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Working together in emergency planning Analysis

Working together in emergency planning


Find out how community organisations and local government can work more closely together when managing disasters and emergency events.

Disasters and emergency events affect individuals and whole communities, and can cause people great hardship – physically, financially and psychologically. There are many ways local government and community organisations can work more closely together to help communities prepare for, respond to and recover from emergencies and disasters.

Governments are increasingly acknowledging the community sector is an essential partner in building disaster resilience, and providing support during and after a disaster. The shift to shared responsibility in emergency management means integrating emergency services, volunteers, business, community organisations and all levels of government, to build resilience to emergencies and disasters. Cooperation and collaboration between all sectors can improve response, relief and recovery for people, families and communities affected by emergency events.

VCOSS and the Municipal Association of Victoria (MAV) are partnering to bring you the third VCOSS-MAV Emergency Management Forum: Working with community in emergency planning. Join us on 20 June to hear from the following speakers:

  • Craig Lapsley, Victoria’s Emergency Management Commissioner – A Modern Emergency Management System for Victoria
  • Myra Giardini, City of Mandurah, WA – ‘Beyond the Gate’ Aged Care Emergency Support Network, winner of 2015 Resilient Australia Award.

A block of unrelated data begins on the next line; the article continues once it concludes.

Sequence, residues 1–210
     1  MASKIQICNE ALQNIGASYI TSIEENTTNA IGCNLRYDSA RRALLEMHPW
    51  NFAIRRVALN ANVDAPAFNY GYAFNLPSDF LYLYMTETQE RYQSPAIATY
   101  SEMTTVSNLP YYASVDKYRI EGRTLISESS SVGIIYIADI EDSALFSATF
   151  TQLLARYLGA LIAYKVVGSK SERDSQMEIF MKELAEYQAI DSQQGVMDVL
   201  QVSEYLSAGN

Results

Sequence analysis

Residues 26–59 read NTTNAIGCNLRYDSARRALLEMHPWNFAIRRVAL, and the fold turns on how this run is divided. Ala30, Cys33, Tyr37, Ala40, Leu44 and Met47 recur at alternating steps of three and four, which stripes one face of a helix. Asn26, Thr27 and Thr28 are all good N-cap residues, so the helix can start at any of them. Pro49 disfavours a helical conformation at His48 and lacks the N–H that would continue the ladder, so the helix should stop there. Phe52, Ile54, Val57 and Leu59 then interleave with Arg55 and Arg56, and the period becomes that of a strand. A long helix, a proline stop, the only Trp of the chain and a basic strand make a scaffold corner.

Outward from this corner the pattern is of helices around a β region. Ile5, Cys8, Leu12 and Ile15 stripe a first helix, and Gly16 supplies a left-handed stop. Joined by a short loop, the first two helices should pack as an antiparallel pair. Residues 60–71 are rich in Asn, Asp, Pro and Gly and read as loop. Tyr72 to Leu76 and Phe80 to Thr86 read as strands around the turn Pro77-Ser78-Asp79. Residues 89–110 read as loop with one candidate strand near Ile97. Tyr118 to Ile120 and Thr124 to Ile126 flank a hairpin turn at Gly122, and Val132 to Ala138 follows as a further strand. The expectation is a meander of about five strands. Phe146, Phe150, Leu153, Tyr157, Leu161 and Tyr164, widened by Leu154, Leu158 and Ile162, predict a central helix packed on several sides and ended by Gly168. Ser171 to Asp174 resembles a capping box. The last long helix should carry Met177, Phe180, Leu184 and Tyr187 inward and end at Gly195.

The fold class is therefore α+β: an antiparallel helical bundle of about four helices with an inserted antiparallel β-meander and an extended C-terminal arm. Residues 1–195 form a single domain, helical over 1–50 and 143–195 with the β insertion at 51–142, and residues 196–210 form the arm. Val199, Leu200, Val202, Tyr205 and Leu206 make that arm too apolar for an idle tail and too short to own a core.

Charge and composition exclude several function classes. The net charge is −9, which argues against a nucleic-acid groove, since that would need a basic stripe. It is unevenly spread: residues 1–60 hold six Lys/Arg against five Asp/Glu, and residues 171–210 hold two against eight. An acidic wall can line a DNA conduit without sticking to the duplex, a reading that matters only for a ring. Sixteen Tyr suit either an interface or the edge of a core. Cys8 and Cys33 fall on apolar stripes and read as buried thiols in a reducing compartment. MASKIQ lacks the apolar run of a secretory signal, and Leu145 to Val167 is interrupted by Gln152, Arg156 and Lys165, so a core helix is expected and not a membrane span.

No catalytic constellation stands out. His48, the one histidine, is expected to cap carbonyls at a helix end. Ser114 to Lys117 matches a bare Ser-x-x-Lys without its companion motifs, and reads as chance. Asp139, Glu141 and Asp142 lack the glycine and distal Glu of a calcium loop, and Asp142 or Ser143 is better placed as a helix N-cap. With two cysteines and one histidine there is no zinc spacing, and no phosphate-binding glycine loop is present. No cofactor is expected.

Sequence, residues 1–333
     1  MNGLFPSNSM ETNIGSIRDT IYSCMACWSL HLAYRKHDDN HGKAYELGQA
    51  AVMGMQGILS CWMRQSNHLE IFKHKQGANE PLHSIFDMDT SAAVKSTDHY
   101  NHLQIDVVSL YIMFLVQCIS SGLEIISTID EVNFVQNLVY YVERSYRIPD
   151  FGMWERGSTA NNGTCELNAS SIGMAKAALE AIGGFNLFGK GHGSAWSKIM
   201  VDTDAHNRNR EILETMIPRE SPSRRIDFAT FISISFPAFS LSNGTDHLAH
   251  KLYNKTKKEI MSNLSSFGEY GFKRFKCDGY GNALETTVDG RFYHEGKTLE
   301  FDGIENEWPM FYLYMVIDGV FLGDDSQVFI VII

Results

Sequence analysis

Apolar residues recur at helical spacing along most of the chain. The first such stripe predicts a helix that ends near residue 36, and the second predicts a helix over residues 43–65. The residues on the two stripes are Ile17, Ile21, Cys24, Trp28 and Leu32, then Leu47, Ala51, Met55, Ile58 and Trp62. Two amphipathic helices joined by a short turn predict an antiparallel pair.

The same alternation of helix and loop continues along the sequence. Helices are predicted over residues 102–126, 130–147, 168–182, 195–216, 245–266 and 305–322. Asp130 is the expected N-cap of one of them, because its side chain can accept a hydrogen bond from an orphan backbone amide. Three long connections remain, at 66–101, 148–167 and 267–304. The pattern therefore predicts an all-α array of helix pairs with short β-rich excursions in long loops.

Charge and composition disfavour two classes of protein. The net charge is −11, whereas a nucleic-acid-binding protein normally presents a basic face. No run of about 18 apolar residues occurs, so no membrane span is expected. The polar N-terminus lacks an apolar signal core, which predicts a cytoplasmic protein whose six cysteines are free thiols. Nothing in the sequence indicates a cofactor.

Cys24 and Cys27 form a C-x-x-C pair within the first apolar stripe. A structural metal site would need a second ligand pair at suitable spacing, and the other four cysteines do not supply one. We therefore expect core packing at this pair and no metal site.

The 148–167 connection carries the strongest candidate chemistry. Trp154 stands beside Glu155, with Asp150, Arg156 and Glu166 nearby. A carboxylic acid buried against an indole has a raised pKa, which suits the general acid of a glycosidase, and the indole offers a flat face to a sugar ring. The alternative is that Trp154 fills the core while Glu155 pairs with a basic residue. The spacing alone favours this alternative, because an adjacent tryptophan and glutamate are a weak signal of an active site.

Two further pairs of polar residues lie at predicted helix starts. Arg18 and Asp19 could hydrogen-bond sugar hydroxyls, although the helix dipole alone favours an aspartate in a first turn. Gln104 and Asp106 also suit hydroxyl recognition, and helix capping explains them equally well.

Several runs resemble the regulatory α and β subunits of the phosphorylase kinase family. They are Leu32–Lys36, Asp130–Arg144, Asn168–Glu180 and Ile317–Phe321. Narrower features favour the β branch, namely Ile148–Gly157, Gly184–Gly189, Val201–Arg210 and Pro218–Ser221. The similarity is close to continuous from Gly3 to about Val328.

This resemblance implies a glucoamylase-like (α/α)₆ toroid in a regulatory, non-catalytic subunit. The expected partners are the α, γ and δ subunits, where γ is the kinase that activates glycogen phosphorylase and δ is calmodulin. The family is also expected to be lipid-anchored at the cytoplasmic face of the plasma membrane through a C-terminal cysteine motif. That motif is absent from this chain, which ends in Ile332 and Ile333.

• Mary Farrow, Emerald Community House – Emerald Community House Centre of Resilience, a community development model committed to resilience building.
  • Kate Riddell, Firefoxes Australia – The Firefoxes support group, an example of grassroots resilience and what is possible after disaster.
  • David Marnie, Macedon Ranges Shire Council – Black Hill Reserve Fire Recovery: a community development approach.
  • Cherie Graham, Moorabool Shire Council & Pam Sutcliffe, Buninyong Community Volunteer – Council and community responses to the Scotsburn fire and other recovery efforts.

Breakout sessions:

  • Sally Sneddon, Surf Coast Shire Council – Introducing the Fire Game, a quirky and interactive game designed to test and build bushfire survival skills.
  • Kirsten Lingard, Mansfield Shire Council – Community Resilience Leadership Program, bringing together a cross-section of stakeholders to build community resilience.
  • Scott Hilditch, Cities of Kingston and Greater Dandenong – Learnings and innovations in engaging with CALD communities and the implementation of Heat Plans

This popular event will take place on Monday 20 June at the Library at the Dock, a brand new event space in the heart of the Docklands, Melbourne. Bookings are now open.

Banner image: Flickr – Filipão 28 (CC)